Printable Version
Pronunciation: naht-with-stæn-ding Hear it!

Part of Speech: Preposition, Adverb, Conjunction

Meaning: 1. (Preposition) Despite, in spite of. 2. (Adverb) Nevertheless, all the same. 3. (Conjunction) Although, despite the fact that.

Notes: Today's lexical dynamo is remarkably versatile, functioning equally well as no fewer than three parts of speech (see above). Moreover, in its prepositional function it may stand before (preposition) or after (postposition) the noun phrase it modifies. How is this possible? Read on.

In Play: Let us begin with the preposition-postposition option. Use this word when you wish to emphasize your firmness on a matter: "Notwithstanding your heavy social schedule, you must clean your room before going out." Better yet, put this 'preposition' behind the noun phrase: "Your heavy social schedule notwithstanding, you must clean up your room before going out!" That will garner you the respect you deserve. (Ago is another English postposition, as in 'five years ago' but not 'ago five years'.) We may also use this word as an attention-grabbing adverb: "I dyed my hair every color in the rainbow but Daley Walker notwithstanding never even glanced my way." Finally, our protean friend loves to act like a conjunction replacing although: "Daley Walker paid no attention to me notwithstanding I dyed my hair every color in the rainbow."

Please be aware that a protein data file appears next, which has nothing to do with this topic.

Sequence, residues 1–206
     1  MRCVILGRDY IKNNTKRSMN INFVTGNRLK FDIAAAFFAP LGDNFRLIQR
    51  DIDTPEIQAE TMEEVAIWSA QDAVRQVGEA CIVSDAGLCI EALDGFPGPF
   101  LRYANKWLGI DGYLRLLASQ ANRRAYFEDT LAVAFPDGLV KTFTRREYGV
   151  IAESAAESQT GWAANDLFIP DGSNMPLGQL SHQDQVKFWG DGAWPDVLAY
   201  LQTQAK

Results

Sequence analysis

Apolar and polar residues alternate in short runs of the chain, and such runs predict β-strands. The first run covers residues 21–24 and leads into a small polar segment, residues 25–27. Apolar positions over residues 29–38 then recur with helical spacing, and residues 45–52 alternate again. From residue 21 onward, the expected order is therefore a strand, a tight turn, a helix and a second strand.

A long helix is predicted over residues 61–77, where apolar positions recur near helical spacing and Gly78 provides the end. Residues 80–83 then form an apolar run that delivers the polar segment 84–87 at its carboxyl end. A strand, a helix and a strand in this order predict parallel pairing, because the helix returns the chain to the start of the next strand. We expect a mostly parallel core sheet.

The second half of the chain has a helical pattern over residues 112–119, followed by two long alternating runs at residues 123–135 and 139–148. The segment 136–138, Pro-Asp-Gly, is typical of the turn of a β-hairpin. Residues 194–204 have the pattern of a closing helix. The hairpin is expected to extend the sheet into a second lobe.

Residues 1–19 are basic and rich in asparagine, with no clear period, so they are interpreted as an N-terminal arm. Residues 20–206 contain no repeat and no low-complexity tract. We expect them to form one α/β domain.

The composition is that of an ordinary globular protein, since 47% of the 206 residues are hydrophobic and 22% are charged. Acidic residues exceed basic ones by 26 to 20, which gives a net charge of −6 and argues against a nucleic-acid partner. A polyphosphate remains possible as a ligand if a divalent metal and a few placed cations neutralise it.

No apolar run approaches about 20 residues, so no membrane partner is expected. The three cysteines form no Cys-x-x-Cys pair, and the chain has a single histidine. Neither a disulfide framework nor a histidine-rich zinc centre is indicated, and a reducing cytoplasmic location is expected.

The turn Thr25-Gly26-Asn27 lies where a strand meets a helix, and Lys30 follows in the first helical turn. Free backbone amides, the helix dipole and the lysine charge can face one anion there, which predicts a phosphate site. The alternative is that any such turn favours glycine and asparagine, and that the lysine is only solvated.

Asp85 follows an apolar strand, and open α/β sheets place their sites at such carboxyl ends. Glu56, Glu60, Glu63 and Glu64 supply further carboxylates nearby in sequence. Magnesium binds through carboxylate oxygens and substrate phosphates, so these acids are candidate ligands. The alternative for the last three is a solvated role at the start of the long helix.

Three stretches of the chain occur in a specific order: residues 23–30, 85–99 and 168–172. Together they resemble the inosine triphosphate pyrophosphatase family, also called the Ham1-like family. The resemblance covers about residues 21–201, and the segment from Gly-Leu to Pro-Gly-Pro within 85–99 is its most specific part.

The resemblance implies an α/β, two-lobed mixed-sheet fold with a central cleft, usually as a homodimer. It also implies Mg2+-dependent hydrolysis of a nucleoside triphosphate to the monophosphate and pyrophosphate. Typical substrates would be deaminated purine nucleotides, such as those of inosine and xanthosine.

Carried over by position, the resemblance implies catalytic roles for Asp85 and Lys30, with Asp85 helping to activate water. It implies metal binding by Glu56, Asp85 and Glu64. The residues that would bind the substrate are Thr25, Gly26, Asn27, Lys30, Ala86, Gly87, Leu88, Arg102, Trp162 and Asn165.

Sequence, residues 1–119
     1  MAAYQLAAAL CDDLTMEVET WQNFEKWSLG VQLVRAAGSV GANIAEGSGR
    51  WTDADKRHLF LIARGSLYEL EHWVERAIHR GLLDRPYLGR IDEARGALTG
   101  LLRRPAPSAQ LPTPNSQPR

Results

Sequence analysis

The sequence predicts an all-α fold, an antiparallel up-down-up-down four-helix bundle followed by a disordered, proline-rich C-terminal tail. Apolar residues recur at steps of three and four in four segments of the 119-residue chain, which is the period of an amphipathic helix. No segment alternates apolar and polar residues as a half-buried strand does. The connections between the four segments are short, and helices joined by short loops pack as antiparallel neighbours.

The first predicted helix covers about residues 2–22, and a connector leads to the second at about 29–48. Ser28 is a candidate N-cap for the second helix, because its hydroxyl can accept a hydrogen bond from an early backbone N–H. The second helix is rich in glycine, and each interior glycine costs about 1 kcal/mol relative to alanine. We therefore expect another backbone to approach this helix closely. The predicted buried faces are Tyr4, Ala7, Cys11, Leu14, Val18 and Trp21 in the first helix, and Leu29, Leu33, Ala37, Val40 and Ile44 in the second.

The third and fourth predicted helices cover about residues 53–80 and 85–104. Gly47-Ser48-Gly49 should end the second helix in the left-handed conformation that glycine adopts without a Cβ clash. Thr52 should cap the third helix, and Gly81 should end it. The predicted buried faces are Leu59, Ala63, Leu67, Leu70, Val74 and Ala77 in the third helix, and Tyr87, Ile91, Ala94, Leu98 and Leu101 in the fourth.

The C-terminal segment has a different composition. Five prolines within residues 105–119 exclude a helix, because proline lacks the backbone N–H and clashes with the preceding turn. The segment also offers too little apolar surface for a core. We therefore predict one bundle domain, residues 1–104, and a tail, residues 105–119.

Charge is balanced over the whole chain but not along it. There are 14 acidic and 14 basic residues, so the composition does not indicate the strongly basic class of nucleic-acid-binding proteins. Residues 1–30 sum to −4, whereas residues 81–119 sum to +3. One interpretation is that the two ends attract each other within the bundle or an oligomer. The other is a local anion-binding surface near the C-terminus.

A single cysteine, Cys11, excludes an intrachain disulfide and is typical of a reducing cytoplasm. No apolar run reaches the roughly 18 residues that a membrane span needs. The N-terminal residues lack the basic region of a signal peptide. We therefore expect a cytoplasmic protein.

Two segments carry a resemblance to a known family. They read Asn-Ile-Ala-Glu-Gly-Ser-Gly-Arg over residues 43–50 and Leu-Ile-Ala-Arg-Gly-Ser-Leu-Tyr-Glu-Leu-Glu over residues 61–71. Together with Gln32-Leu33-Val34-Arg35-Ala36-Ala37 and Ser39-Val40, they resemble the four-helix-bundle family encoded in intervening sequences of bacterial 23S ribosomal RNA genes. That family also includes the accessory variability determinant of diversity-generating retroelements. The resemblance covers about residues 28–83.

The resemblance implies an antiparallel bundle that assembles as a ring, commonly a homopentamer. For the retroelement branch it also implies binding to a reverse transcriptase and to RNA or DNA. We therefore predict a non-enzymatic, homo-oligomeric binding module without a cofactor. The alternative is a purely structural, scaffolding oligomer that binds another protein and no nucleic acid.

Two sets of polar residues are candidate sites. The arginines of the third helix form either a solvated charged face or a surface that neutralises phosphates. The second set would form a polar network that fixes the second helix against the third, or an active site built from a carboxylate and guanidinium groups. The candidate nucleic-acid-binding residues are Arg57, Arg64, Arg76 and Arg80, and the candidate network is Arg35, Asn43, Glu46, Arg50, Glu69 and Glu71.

Word History: Today's Good Word is a collapsed phrase, not withstanding, that was a loan-translation of Latin non obstante "not obstructing". A 'loan translation' is a word or phrase that is translated part by part from another language. For example, English borrowed the word superman piece by piece from German bermensch by translating ber "over, super" and Mensch "man" independently. Some call such a word a calque.

Dr. Goodword,

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